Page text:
Author Instructions

Travel and 
Colocated Workshops

ISCC (Main)

Keynote Speakers

July 7, 2008
Prof. Siamak Khorram (Bio)
Professor and Founding Director of the Center for Earth Observation
North Carolina State University

The State-Of-The-Art In Acquiring And Processing Satellite Remotely Sensed Data Worldwide.

The conventional acquisition of imagery from space started in 1960s from a Gemini and Apollo spacecrafts that were followed in 1970s by Skylab and Landsat satellites. Since 1980s a large number of satellites have collected data routinely from the Earth by a number of countries including the U.S., French, Japanese, Indians, and Russians satellites. Today, a variety of satellite data are collected in many parts of the electromagnetic spectrum such as visible, infrared, and radar.
  The spatial, spectral, radiometric, and temporal resolutions of satellite data has grown finer and currently multispectral data collected in as fine as 61 cm. from the globe.  Image processing techniques have progressed quite well with the advances in computer and electronics technologies. Along with these advances, the applications of remotely sensed data have advanced from global to large scale to local study areas.  In this talk, we will address the current and future trends in satellite data acquisition, processing, and applications along with the roles information and communication technologies have played in these trends. A variety of satellite imagery will be demonstrated.
July 8, 2008
Raouf Boutaba (Bio)
Professor and David R. Cheriton Faculty Fellow
Department of Computer Science
University of Waterloo

Distributed Pattern Matching: Concept and Applications in Internet-scale networks. 

Peer- to- peer technology has impacted a wide range of distributed systems beyond simple file- sharing. Distributed XML databases, Distributed computing, server- less web publishing and networked resource/service sharing are only a few to name. Despite the diversity in applications, these systems share a common problem regarding searching and discovery of information..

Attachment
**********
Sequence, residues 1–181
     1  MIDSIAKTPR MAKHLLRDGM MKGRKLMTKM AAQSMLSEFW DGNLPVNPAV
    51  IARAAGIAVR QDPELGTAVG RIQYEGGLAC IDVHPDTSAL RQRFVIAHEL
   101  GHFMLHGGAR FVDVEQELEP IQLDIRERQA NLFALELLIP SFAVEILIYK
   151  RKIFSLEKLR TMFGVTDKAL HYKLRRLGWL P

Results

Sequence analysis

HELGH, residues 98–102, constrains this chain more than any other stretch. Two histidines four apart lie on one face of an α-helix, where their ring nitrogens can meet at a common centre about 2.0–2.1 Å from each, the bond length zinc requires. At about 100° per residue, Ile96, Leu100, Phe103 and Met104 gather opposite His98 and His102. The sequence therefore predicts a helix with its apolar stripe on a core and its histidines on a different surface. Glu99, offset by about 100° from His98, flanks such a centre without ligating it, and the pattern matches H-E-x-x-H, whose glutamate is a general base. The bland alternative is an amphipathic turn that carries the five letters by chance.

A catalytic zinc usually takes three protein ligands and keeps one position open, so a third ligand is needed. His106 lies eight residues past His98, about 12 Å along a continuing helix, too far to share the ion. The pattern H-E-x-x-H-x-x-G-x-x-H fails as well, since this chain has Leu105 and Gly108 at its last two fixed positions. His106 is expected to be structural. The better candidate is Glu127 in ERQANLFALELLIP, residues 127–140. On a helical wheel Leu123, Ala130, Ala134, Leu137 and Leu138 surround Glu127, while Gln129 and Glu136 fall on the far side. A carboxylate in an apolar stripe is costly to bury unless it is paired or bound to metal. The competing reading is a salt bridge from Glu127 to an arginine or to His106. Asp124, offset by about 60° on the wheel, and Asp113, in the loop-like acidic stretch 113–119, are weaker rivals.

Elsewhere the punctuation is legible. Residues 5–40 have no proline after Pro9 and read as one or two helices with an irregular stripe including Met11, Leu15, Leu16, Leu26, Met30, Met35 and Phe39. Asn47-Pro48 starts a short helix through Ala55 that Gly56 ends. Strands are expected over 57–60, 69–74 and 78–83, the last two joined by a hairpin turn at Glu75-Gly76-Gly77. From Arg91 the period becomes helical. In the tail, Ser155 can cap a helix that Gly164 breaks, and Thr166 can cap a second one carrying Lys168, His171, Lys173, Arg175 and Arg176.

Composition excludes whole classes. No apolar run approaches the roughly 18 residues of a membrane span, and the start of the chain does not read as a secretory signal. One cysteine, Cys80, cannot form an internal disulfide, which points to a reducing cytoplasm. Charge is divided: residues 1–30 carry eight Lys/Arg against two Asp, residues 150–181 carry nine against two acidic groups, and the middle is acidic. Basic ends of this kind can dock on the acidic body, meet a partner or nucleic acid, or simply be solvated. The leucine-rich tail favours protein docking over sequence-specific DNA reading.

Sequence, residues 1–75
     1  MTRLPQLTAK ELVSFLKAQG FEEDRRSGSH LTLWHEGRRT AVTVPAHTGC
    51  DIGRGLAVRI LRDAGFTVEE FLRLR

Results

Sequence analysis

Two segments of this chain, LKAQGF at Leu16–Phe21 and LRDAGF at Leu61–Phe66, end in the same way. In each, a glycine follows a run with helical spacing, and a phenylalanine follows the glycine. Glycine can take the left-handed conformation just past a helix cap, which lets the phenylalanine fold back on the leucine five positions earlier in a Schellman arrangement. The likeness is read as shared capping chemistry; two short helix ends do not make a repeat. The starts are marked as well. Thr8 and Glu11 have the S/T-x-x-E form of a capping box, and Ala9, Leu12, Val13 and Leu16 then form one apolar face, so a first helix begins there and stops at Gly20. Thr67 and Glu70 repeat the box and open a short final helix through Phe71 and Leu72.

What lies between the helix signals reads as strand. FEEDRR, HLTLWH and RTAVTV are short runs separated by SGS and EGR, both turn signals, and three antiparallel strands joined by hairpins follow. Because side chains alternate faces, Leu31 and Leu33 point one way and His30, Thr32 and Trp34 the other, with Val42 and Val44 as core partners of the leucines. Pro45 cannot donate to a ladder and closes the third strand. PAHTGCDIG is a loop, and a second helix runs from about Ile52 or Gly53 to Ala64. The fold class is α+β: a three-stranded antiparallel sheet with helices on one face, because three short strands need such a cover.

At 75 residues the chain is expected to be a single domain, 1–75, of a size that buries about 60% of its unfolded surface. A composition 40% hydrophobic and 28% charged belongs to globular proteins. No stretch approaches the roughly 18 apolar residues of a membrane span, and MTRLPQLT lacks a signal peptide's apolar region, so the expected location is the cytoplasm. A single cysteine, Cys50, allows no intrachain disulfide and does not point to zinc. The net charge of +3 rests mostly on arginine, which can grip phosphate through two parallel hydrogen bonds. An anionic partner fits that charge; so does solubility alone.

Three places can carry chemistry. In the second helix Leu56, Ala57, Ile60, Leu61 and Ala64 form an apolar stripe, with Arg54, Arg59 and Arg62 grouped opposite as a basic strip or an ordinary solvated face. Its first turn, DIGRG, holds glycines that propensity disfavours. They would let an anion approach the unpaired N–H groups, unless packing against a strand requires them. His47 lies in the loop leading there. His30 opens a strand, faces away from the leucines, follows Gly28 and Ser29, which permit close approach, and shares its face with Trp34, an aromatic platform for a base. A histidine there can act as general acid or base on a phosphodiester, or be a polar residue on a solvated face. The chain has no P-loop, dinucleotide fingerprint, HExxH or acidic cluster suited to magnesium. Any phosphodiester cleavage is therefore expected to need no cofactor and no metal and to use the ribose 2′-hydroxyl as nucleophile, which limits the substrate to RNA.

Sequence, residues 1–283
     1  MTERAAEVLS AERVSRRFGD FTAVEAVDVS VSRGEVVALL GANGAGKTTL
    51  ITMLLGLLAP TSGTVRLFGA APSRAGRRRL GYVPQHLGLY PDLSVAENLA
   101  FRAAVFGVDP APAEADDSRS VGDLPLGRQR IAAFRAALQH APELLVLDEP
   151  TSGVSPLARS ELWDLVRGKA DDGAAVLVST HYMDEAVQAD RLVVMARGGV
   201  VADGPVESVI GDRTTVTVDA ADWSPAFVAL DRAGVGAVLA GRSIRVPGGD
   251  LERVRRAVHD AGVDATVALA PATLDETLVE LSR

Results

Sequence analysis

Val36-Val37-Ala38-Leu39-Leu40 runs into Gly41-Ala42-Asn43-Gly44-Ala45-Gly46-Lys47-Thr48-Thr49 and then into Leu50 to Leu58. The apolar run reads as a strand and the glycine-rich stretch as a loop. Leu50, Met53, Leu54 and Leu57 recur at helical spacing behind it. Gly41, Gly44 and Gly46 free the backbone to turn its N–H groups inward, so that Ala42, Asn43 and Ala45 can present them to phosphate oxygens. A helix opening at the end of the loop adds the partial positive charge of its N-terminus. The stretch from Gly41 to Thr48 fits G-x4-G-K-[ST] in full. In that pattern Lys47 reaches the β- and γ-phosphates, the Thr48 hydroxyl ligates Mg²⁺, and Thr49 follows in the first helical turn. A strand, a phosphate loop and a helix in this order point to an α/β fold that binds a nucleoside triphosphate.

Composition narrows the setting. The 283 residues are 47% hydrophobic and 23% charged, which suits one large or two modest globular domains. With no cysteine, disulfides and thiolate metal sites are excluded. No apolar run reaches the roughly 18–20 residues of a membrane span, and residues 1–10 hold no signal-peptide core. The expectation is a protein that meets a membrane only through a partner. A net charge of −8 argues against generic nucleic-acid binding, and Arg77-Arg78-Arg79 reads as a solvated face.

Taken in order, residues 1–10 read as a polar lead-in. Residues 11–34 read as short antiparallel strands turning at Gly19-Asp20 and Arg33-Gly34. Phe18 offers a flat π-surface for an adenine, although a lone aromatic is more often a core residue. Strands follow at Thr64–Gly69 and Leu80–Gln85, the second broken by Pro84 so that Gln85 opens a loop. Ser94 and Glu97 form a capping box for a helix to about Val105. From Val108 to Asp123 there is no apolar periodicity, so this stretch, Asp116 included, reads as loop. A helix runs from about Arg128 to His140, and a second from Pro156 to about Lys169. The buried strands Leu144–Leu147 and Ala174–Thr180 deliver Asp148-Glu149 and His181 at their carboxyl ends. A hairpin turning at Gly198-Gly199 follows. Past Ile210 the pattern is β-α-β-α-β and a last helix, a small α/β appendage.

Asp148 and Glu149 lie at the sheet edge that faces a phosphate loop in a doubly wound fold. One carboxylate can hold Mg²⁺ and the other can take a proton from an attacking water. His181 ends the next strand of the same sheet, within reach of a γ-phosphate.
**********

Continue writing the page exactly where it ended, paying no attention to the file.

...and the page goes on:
This commonality stems from transitory peer population and volatile peer content. As an effect users do not have the exact information about what they are looking for. Rather queries are based on partial information, which requires the search mechanism to be flexible. On the other hand to scale with network size the search mechanism is also required to be bandwidth efficient.

Since the advent of P2P technology experts from industry and academia have proposed a number of search techniques -pan>  none of which is able to provide satisfactory solution to the conflicting requirements of search efficiency and flexibility. Structured search techniques, mostly DHT- based, are bandwidth efficient while semi(un)- structured techniques are flexible. But, neither achieves both ends.

This talk will introduce a generic framework called Distributed Pattern Matching to address the search problem in distributed environments while achieving both search flexibility and efficiency.
July 9, 2008
Mahmoud Daneshmand (Bio)
Assistant Chief Scientist
Distinguished Member of Technical Staff
AT&T Labs Research


Ten Years of Experimentation in Information Mining & Software Research with applications in Telecommunications Industry

This talk will contain an overview of AT&T Shannon Labs (the Research arm of AT&T Labs), and a more detailed discussion of our work in Information Mining and Software Research with applications in telecommunications industry including network operations, network security, IP network management, fraud detection, marketing, and business & consumer markets analysis.

Over the past 10 years, AT&T Labs has had a focused program in information mining at very large scale.  This has included inventing many tools & techniques, building quite a few applications, and collecting a few petabytes of telecommunications data.  It also has included learning about what is useful and not so useful, possible and not so possible, and what directions we should be taking.  Emphasis has been on near real-time mining; therefore on data streams, analysis within windows of data, and interactive visualization with record and playback.

This talk will review some of the tools, techniques, learning and challenges of this research program thus far.